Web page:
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Hans Platz - 2013 - "Timestamps"

(35:33, ‘Hans Platz’)


1.  Birdrange 2:58
2.  Spanish Race on a Devil's Highway 4:04
3.  Pull It Out 3:24
4.  Father 3:30
5.  Red Room Nine 3:30
6.  Axetasy 1:49
7.  Freak Sauna 3:24
8.  Deadman 2:59
9.  Timestamps 3:53
10. This Is War 2:35
11. Alive 3:27


Hans Platz – guitars 
Marco Minnemann – drums 
Wolfgang Haffner - drums
Mattias Eklundh - guitars
Pete Griffin – bass 
A few more musicians

Prolusion. German composer and musician Hans PLATZ has a fairly long history behind him as a member of various German bands, and arguably best known among those is Feuerschwanz due to two of their albums faring rather well in the sales charts. "Timestamps" is his first solo album, and was self-released in 2013.

Analysis. When exploring the contents of this fairly short production, it won't take long before the expression guitar hero pops up. Platz is a guitarist, all his compositions are instrumental, and the guitar does indeed dominate the proceedings through and through. There is room for both the different drummers and bassists contributing to shine, but never in a similar manner to Platz and his guitars. A description that presumably should narrow down the potential audience for this CD straight away, I imagine. As far as such ventures go, I'm again lucky enough to encounter a guitarist that is much more than a one trick pony. Platz knows his stuff, and he is rather eager to showcase his abilities and his versatility on this production. He's a more than competent rhythm guitarist, always taking care to include one or more supporting layers to his soloing. Massive, purebred metal riffs are produced with the same ease as dark, compact riff constructions that rely more on pace and energy than powerful sound surges, and he's not a stranger to hit calmer landscapes either, with delicate plucked guitars relying on resonances to craft a compelling foundation and more pace-filled, most likely technically challenging wandering guitar motifs as recurring features. For the latter, calmer sequences a touch of jazz rock will often appear, and in between the calmer sections and the metal based powerful runs there's also room for some literally speaking funky detours. On top of this varied landscape Platz documents his skills and versatility as a solo guitarist to good effect. Elegant, melody based runs that come with instant Satriani associations are just as common as neo-classical excursions that bring the likes of MacAlpine to mind (old school references, I know), and with a fair amount of shredding thrown in for good measure. Elegant, dreamladen constructions may supplement the calmer, jazz rock oriented passages, and plucked, elegant guitar soloing is also well within Platz’s abilities in the guitar solo department. The impressive details that make me enjoy this production are how Platz utilized recurring themes and motifs to give the songs a stronger identity, combined with his constraint: he doesn't overly explores any of the themes and lead motifs. In addition he has a slight penchant for the unexpected, not always hitting a guitar solo of the expected type, developing his compositions in somewhat unexpected manners, and generally seeing to it that his versatility is something of a key feature throughout. With top notch support musicians and a high quality mix and production as well there's really nothing lacking on this album as such, apart from the truly breathtaking songs. As enjoyable as this album is, I didn't encounter anything on it that gave me massive goosebumps and that need to play a song again straight away, which for me marks the difference between something that is really good and what is truly exquisite. "Timestamps" is a high quality CD though, as long as you have a taste for music of this kind.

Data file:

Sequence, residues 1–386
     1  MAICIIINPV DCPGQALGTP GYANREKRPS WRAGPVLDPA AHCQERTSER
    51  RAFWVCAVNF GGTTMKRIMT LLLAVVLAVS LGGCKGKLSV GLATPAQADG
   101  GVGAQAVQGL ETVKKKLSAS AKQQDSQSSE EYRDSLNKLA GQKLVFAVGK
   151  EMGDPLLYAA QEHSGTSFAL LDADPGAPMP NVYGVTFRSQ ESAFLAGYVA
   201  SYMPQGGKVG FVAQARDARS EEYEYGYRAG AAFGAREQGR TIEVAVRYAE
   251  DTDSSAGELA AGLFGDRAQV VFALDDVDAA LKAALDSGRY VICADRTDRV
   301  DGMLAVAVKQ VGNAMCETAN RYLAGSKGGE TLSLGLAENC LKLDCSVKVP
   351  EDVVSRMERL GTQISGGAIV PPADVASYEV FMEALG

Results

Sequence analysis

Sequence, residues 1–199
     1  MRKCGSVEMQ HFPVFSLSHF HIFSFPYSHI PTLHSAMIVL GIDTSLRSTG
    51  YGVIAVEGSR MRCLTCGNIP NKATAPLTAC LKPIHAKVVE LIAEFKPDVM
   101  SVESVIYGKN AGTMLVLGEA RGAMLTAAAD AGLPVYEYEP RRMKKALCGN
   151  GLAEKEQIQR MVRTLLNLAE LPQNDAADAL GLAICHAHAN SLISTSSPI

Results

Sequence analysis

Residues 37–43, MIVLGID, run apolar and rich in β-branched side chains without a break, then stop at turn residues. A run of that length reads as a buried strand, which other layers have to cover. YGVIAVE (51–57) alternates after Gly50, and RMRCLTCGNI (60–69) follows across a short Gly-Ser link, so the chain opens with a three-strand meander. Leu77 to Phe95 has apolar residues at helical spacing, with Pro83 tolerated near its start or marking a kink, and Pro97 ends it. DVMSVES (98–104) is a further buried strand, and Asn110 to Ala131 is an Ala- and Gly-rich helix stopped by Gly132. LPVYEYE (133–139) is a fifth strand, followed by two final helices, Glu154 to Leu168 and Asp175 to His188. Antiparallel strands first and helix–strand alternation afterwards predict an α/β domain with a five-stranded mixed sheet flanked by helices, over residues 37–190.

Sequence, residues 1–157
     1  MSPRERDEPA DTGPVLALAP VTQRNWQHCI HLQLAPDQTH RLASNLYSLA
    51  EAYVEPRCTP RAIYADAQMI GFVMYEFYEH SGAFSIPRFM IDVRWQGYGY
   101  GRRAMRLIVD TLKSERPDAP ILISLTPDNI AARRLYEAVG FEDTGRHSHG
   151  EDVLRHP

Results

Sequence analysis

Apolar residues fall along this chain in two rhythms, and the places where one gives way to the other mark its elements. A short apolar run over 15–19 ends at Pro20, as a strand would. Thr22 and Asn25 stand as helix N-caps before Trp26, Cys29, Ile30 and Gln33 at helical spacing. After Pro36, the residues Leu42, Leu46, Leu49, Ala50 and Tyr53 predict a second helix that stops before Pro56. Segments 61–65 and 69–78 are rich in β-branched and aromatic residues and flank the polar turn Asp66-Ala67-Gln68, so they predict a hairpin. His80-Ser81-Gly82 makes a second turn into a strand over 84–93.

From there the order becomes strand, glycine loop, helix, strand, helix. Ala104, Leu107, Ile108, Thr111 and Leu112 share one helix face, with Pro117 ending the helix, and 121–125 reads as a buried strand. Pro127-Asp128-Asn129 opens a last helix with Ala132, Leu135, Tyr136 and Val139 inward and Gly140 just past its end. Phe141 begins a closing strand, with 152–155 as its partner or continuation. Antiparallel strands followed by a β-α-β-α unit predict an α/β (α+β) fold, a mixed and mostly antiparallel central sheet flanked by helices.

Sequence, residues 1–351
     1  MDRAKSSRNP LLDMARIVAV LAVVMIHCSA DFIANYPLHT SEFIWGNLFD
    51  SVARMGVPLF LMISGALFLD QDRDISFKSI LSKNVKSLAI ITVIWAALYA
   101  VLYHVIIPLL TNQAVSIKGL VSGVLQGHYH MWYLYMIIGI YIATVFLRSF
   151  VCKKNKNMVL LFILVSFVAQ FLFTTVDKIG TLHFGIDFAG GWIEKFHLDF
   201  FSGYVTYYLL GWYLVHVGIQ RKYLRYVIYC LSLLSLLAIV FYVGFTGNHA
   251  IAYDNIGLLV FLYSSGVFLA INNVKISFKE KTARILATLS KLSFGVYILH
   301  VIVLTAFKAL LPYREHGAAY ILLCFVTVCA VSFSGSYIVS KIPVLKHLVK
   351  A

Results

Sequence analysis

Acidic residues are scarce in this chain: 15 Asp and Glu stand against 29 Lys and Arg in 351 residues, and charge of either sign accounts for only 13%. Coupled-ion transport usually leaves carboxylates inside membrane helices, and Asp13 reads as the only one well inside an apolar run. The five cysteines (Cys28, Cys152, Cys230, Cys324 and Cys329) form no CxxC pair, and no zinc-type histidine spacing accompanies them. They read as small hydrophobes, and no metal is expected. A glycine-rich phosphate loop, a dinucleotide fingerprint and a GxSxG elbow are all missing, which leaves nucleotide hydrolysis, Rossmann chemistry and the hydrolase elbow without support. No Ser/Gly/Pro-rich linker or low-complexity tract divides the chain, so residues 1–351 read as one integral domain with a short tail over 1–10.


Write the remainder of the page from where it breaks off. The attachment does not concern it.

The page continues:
Conclusion. This German musician joins the ranks of guitar heroes with a rather impressive debut album. "Timestamps" is not be the longest CD out there, but his short compositions manage to convey his talents as a songwriter and especially as a performer to very good effect. An album with a foundation in metal, but touching upon both jazz rock and funk frequently, and with plenty of variety and versatility in both support instrument and lead instrument performance and expression. As far as recommendations go, fans of instrumental guitar albums in general and metal-oriented ones in particular can note down that this is a production they will most likely enjoy.

OMB=Olav M Bjornsen: August 17, 2014
The Rating Room

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Hans Platz


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